In a little over a week I will be welcoming new students, parents, and colleagues into my classroom. Inevitably, after brief greetings and smiles comes the inadvertent side drop of the head, the look, and then “so … where are you from?”
To which I usually reply, “What do you mean by from? Do you mean the country that issues my passport? Do you mean the country I last lived in? Do you mean where I go back to in the summers?”
At this point the conversation gets awkward. And so to ease the tension I eventually reply “Canada.” The person I am talking to appears relieved. It works. The implicit “racial profiling” fits the bill – appearance, language, social conventions. Now the small talk can continue. Except it isn’t the truth. I am not from Canada.
When told the truth of where I think I am from many I speak to state, “Ah, so you’re a TCK.” The acronym meaning Third Culture Kid, a term coined by John and Ruth Useem to describe individuals who have spent a significant amount of time outside of their parent’s home culture.
However, to me the term Third Culture Kid (TCK) and many of the other politically correct variants that have sprung up in the intervening years are mere labels to appease those that need an answer. It’s another checkbox that we can tick within our mental schema.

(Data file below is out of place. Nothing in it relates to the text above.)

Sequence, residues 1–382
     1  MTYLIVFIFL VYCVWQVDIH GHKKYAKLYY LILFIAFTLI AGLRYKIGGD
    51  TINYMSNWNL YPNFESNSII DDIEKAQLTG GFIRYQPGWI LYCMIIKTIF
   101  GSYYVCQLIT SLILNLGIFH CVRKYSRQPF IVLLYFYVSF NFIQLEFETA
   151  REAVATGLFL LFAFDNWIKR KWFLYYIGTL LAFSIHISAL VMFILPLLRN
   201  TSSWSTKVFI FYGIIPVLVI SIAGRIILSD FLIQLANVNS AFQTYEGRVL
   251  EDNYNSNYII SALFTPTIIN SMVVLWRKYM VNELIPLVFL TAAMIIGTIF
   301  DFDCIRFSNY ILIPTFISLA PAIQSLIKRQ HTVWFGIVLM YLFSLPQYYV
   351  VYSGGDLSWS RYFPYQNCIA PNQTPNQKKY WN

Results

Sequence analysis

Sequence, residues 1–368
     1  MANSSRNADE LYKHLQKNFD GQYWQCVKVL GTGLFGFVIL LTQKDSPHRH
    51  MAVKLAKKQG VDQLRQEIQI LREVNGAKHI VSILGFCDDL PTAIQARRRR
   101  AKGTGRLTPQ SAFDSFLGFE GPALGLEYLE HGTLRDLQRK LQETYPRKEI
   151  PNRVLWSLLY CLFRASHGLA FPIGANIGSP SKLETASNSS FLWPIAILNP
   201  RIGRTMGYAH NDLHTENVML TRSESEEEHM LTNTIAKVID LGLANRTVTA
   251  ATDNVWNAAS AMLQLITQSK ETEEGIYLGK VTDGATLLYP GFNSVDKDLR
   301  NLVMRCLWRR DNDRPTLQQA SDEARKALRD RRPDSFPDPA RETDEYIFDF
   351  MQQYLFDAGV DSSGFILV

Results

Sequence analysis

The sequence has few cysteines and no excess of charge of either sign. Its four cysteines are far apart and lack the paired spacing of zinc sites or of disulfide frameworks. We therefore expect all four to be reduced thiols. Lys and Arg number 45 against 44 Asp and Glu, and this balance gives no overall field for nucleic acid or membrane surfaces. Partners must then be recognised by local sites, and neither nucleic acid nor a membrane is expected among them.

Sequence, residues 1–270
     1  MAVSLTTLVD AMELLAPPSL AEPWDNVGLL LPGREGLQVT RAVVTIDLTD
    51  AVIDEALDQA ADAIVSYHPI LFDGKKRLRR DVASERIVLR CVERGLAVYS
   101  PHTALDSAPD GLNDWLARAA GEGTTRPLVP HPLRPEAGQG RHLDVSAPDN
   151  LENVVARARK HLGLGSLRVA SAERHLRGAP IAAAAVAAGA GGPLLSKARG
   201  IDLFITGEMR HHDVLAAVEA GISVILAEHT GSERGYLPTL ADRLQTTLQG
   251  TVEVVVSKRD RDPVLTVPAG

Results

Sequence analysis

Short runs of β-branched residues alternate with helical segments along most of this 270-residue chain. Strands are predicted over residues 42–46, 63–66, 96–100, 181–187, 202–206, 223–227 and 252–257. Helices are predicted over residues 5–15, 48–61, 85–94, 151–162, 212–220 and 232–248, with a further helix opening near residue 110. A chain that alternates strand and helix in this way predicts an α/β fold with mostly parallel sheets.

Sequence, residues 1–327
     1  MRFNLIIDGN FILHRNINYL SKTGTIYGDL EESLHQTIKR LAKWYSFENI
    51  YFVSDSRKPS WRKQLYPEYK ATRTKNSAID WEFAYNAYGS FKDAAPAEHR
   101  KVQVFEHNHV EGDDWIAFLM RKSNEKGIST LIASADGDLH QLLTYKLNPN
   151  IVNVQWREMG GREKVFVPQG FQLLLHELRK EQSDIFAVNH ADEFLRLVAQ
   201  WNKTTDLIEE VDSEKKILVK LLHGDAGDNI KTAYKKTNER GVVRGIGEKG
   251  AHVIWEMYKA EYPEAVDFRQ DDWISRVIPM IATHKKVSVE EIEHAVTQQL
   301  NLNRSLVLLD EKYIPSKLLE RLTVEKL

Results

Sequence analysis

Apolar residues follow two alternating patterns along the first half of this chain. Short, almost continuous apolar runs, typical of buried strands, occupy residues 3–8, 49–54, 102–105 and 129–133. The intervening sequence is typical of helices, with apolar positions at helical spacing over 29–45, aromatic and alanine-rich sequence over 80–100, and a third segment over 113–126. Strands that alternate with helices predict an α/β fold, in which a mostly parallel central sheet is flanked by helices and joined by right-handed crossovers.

I have come to the realization that we are all unique individuals. We come with a lot of baggage. A lot of history. A lot of experiences. This is what defines us and makes us who we are.
So when you really think about it “Where are you from?” is the wrong question.
The question we should be asking is …
What’s your story?
We all have one. It’s what makes us who we are.
So … What’s my story?
That will have to wait until after next week when I will write it out with my students.
July 29, 2017 at 9:10 am
I get this a lot, and strange looks when I say I’m British (& Canadian). Most people are confused by my accent. I was born in Canada to British parents and was raised in the Middle East. My accent is a little British, a little Canadian and a little American (left over from going to school with kids from the US). I lived in the UK from the age of 16. My story is an interesting one but people are generally just looking for a simple straightforward answer. I think life would be more interesting if people asked questions and we’re genuinely interested in the answer.
July 29, 2017 at 9:29 am
Agreed! I totally forgot about the accent part. It’s like you are neither here nor there but have your own special dialect made up of all the languages you know, places you have been, and influences you have had. Thanks for commenting!